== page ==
Open access peer-reviewed chapter

Ultraviolet Light as a Modulator of Melanoma Development

By Graeme Walker and Elke Hacker

Submitted: November 23rd 2010Reviewed: April 10th 2011Published: September 12th 2011

DOI: 10.5772/22928

Downloaded: 1866

1. Introduction

Epidemiological evidence is overwhelming that exposure of the skin to ultraviolet radiation (UVR) can increase one’s risk of developing malignant melanoma. However the situation is complex, as melanoma development is associated with “intermittent” sun exposure, whereas epidermal keratinocyte-based skin cancers like squamous cell carcinoma (SCC) are associated with chronic UVR exposure. Thus it is difficult to talk in terms of a classical UVR carcinogenic mechanism for melanoma in general. Melanoma risk seems intricately associated with pigmentation characteristics. Genome wide association studies identify variants in genes involved in pigmentation as risk factors, generally the strongest signal being for the melanocortin receptor 1 gene (MC1R). One reason postulated to explain the odd relationship between UVR exposure and tumorigenesis is that there may be a unique carcinogenic mechanisms at play involving UVA, that is a weak carcinogen for skin cancer in general. Evidence for UVA causality in melanoma comes from some epidemiological studies, and to some extent from work with animal models. On the other hand, one can argue that there may not be a unique carcinogenic mechanism for melanoma, and that there are several factors that may help explain the apparent difference from typical mechanism of UVR mutagenesis involving classical UVR mutations. Firstly, in terms of normal cellular function, melanocytes principal function is to produce melanin pigment while epidermal keratinocytes are programmed to proliferate and then die as they generate and maintain the epidermis, a barrier for internal tissues and organs. Secondly, there may be genetic differences between individuals developing particular subtypes of melanoma and/or form of sun exposure. Thus particularly relates to susceptibility to naevus development, a critical factor associated melanoma development on the trunk, a site presumably receiving mainly “intermittent” sun exposure.


2. Epidemiology of melanoma

Major risk factors for cutaneous melanoma are shown below - approximate relative risk (RR) and 95% confidence intervals (CI) are shown in brackets (Gandini et al., 2005a; Gandini et al., 2005b):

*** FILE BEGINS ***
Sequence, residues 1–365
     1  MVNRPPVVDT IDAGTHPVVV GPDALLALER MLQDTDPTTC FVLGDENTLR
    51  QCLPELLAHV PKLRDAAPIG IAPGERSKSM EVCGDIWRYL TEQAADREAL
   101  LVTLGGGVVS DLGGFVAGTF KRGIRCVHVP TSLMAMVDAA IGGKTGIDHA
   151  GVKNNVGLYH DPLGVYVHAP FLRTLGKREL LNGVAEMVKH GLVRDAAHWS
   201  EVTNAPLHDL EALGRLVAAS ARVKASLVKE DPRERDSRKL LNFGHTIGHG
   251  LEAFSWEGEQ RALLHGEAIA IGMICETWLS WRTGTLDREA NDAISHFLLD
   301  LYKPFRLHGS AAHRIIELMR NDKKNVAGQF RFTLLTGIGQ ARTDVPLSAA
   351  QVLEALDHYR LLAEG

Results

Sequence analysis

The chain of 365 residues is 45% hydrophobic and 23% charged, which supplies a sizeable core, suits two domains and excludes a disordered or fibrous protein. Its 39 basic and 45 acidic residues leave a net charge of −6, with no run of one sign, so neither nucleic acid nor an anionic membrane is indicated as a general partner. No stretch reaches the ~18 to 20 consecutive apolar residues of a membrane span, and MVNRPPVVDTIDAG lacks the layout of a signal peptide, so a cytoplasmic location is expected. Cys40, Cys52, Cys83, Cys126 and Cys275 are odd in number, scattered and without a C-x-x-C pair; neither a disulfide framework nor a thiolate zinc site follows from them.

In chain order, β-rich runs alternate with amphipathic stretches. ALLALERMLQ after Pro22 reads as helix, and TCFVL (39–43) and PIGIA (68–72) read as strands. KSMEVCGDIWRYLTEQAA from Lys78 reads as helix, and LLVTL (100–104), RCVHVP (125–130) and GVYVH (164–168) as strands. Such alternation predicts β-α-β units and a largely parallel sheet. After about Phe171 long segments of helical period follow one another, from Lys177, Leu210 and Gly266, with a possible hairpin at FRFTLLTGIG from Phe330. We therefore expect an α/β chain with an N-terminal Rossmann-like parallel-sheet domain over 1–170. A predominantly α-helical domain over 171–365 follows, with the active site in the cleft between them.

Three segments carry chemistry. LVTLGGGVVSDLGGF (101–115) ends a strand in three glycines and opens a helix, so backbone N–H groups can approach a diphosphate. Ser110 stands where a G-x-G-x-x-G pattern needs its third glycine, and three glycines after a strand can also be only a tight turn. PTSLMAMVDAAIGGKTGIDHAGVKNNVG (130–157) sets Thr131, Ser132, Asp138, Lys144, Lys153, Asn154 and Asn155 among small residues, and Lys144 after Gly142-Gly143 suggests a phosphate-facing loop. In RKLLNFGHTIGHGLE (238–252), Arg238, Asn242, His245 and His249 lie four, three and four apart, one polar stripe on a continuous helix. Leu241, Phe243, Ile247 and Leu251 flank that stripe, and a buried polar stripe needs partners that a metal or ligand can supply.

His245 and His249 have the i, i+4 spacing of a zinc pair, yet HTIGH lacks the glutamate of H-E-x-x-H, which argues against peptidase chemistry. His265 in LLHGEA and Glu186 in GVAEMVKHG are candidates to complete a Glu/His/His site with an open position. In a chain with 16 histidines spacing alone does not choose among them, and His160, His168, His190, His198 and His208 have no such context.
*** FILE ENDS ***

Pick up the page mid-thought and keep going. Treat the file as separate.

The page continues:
1. One atypical naevus (RR 1.60, CI 1.4-1.8)

  2. Five or more atypical naevus (RR 10.5, CI 5.1-21.5).

  3. Multiple banal melanocytic naevi - 100 vs <15 (RR-6.9, CI 4.6-10.3).

  4. Red versus dark hair (RR 3.6, CI 2.5-5.4).

  5. Sunburns in childhood (RR 2.2, CI 1.73-2.89

  6. Sunburns in adulthood (RR 1.9, CI 1.6-2.7)

  7. Chronic sun exposure (RR 1.0, CI 0.8-1.1)

Apart from familial predisposition, the strongest risk factor for the development of cancer generally, the presence of naevi, especially dysplastic naevi, is the innate, or phenotypic factor that most increases the probability of developing a melanoma. Sunlight is the only environmental factor that has been consistently implicated as a cause of melanoma, leading to a melanoma incidence 10- to 20- fold higher among fair-skinned than dark-skinned peoples (Armstrong & Kricker, 1993). Among fair-skinned people, melanoma incidence increases with proximity to the equator and several studies have shown that fair-skinned migrants moving from high (e.g. UK) to low latitude countries (e.g. Australia, South Africa) have lower melanoma rates than native-born residents (Whiteman and Green, 1999; Khlat et al., 1992; Mc Credie et al., 1990; Mc Michael and Giles, 1988). Individuals with xeroderma pigmentosum (XP), a disorder in which sufferers have a gene mutation that diminishes their ability to repair UVR-induced DNA damage, have much higher risk of melanoma than the population average (Kraemer et al., 1994; Cleaver, 2006). Those with a past history of non-melanoma skin cancer (caused by high exposures to solar UVR) have a 3-fold higher risk of melanoma than the general population (Green et al., 1993).

3. Genetic basis of melanoma

3.1. Genes involved in familial melanoma susceptibility

Although many different genes can be somatically mutated in melanoma, as yet there are only two confirmed familial melanoma susceptibility loci, CDKN2Aand CDK4. CDKN2Aencodes INK4A and ARF, which regulate cell cycle progression via the INK4A/CDK4/pRB and ARF/MDM2/p53 pathways respectively, although undoubtedly there is significant cross talk between these two pathways, and with other pathways. The overwhelming majority of CDKN2Amutations in melanoma-prone kindreds affect only the INK4Atranscript, or both transcripts, but ARF-specific mutations also predispose to melanoma (e.g. Randerson-Moor et al., 2001; Rizos et al., 2001). As INK4Amutations generally prevent CDK4 from being bound and inhibited by p16INK4A, the mechanism of tumorigenesis with INK4Aor CDK4mutations is presumed to be equivalent (via pRB deregulation). Families carrying CDKN2Amutations usually, although not always, exhibit a naevus-prone phenotype (Goldstein et al., 2000) indicating that relaxation of melanocyte proliferation control induced by INK4A (or ARF) loss may be important in naevogenesis. However a recent study comparing the influence of sun exposure on melanoma risk in CDKN2Amutations carriers in Australia and the United Kingdom (Cust et al., 2011) suggests that they have to have the same cumulative risk of melanoma irrespective of the ambient UV irradiance in the region in which they live.

3.2. Genes associated with melanoma in genome wide association studies